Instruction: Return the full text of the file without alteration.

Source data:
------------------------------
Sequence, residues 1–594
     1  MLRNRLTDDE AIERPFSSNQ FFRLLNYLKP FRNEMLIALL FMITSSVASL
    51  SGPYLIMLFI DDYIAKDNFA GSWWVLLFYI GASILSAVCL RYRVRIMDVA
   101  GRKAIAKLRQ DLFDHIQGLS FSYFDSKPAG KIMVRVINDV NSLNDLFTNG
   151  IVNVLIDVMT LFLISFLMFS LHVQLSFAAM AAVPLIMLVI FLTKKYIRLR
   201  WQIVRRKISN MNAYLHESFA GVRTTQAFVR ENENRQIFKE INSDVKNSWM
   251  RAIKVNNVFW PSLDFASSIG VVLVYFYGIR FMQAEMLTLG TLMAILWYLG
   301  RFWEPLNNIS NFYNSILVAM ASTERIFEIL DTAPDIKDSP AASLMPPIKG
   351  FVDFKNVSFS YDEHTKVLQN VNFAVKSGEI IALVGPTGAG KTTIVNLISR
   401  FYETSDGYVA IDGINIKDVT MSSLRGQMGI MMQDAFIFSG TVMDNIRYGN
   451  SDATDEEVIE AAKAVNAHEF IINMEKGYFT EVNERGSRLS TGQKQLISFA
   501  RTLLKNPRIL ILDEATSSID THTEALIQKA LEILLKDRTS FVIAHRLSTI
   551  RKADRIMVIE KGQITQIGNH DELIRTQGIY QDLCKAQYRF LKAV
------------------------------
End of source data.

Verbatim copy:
Sequence, residues 1–594
     1  MLRNRLTDDE AIERPFSSNQ FFRLLNYLKP FRNEMLIALL FMITSSVASL
    51  SGPYLIMLFI DDYIAKDNFA GSWWVLLFYI GASILSAVCL RYRVRIMDVA
   101  GRKAIAKLRQ DLFDHIQGLS FSYFDSKPAG KIMVRVINDV NSLNDLFTNG
   151  IVNVLIDVMT LFLISFLMFS LHVQLSFAAM AAVPLIMLVI FLTKKYIRLR
   201  WQIVRRKISN MNAYLHESFA GVRTTQAFVR ENENRQIFKE INSDVKNSWM
   251  RAIKVNNVFW PSLDFASSIG VVLVYFYGIR FMQAEMLTLG TLMAILWYLG
   301  RFWEPLNNIS NFYNSILVAM ASTERIFEIL DTAPDIKDSP AASLMPPIKG
   351  FVDFKNVSFS YDEHTKVLQN VNFAVKSGEI IALVGPTGAG KTTIVNLISR
   401  FYETSDGYVA IDGINIKDVT MSSLRGQMGI MMQDAFIFSG TVMDNIRYGN
   451  SDATDEEVIE AAKAVNAHEF IINMEKGYFT EVNERGSRLS TGQKQLISFA
   501  RTLLKNPRIL ILDEATSSID THTEALIQKA LEILLKDRTS FVIAHRLSTI
   551  RKADRIMVIE KGQITQIGNH DELIRTQGIY QDLCKAQYRF LKAV